Back in 2011 I released a Twitter OAuth API client library for the .NET Micro Framework called MicroTweet. Here’s the original blog post about it.
A lot has changed since then: most notably, Twitter deprecated and disabled their v1.0 API and started enforcing the use of SSL connections to access API endpoints. These changes meant that the original MicroTweet library hasn’t worked for quite some time (sorry!).
After receiving my Netduino 3 Wi-Fi (which features built-in SSL support) I thought it might be interesting to revisit this library and update it to work with Twitter’s new API requirements.
In this post I’ll go over some of the changes to the library and its development process.
Building MicroTweet 2
MicroTweet 2 is a complete re-write of the original library. While it’s not intended to be a full-featured Twitter API client library, it does now have several new features that I think will be useful for NETMF projects.
I’m now using the standard HttpWebRequest class (from the System.Http assembly) instead of a custom-built HTTP client. This is partly because of the new HTTPS requirement, and partly because most modern NETMF boards have a lot more program space available than the Netduino Plus I built the original library for.
The original Netduino Plus had just 64 KB of available code space. The System.Http assembly would have required over half of that space, leaving very little room for user code. The Netduino 3 Wi-Fi has over 1,400 KB of code space and most other modern NETMF boards have at least 384 KB, so this is now much less of a concern than it used to be.
The original MicroTweet library could really only do one thing: post tweets. (It took a lot to get there, as anyone who’s implemented OAuth could attest to.) I had always intended to add more features, but the limited memory on the original Netduino Plus made parsing responses from Twitter’s API relatively difficult.
The Netduino 3 has significantly more RAM, so it’s now much easier to process responses received from Twitter.
All Twitter API responses are serialized as JSON, so for MicroTweet 2 I built a JSON parser. My implementation is fairly simple: it takes a character array and goes through it, parsing it character by character. There are other JSON parsers available for NETMF (such as this one) but I wanted to build my own to allow for greater flexibility when adding features and optimizing performance.
In building this library I found that the Netduino 3 is, to put it lightly, not exceedingly fast at parsing JSON responses. It seems to take around 4 seconds just to parse a 20KB response. This is in addition to the time it takes to receive the response in the first place, which adds at least a few more seconds to the total processing time.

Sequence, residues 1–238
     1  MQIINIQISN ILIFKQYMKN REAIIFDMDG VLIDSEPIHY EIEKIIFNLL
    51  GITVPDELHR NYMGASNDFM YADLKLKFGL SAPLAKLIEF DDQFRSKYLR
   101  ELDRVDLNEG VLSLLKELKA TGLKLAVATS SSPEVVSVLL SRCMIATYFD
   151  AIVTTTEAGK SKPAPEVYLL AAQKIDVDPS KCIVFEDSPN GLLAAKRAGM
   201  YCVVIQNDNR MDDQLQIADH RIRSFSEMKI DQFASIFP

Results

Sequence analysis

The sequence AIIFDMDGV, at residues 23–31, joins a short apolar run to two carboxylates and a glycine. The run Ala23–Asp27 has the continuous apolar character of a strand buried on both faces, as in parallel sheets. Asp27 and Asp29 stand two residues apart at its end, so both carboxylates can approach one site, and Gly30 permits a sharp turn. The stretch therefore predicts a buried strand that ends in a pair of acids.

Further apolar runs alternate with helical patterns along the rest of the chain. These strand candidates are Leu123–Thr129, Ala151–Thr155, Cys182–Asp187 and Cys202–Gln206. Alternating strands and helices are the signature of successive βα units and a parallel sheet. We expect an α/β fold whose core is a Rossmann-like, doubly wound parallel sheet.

I want to modify the JSON parser to accept a Stream instead of a character array, but my initial tests with this have shown it to cause a significant increase in overall response parsing time, so I will need to research this a bit further. (It might be worth the performance hit, though — this change would allow MicroTweet to handle significantly larger responses from Twitter since they wouldn’t have to be buffered into memory first before processing.)
The previous version of MicroTweet used the MicroLinq library. When I examined this dependency I found that all I was really using from it was an collection-sorting method, used to sort an array of query parameters during OAuth signature generation.
For MicroTweet 2 I’ve removed this dependency and added a simple insertion sort method to handle this need. Making MicroTweet entirely self-contained should help make the project a bit easier to maintain and keep up-to-date.
MicroTweet 2 also supports emoji! 😍🐙🐚🐬🐳🐦🐢🐛🐝🐌🐡
— Matt Isenhower (@mattisenhower) May 26, 2015
You can paste in the characters you want to use or enter them as UTF16 character pairs:
twitter.SendTweet("\uD83D\uDE80 MicroTweet lives again! http://mattisenhower.com/2015/05/26/microtweet-2/ (this tweet posted from a @Netduino 3 Wi-Fi) #netmf");
MicroTweet 2 includes a simple sample project that sends a tweet and retrieves the latest tweets from people you follow. There is no hardware-specific functionality in the included sample project — it runs equally well on any board (or even the NETMF emulator).
I thought it might be fun to make a simple hardware-based sample project, though, so here is the Twitter Follower Clock:
This project retrieves your user data and displays your current follower count on a Seven Segment Display Module. You could also, of course, configure it to retrieve the follower count for any user on Twitter. Here’s the code for this project.
Technically, it’s interactive, too: you can make my count increase by clicking this button: Follow @mattisenhower 😉
I definitely look forward to seeing what people do with this library. Who knows, maybe we’ll see another Twitter-enabled Geiger Counter! Be sure to let me know if you use it for anything cool.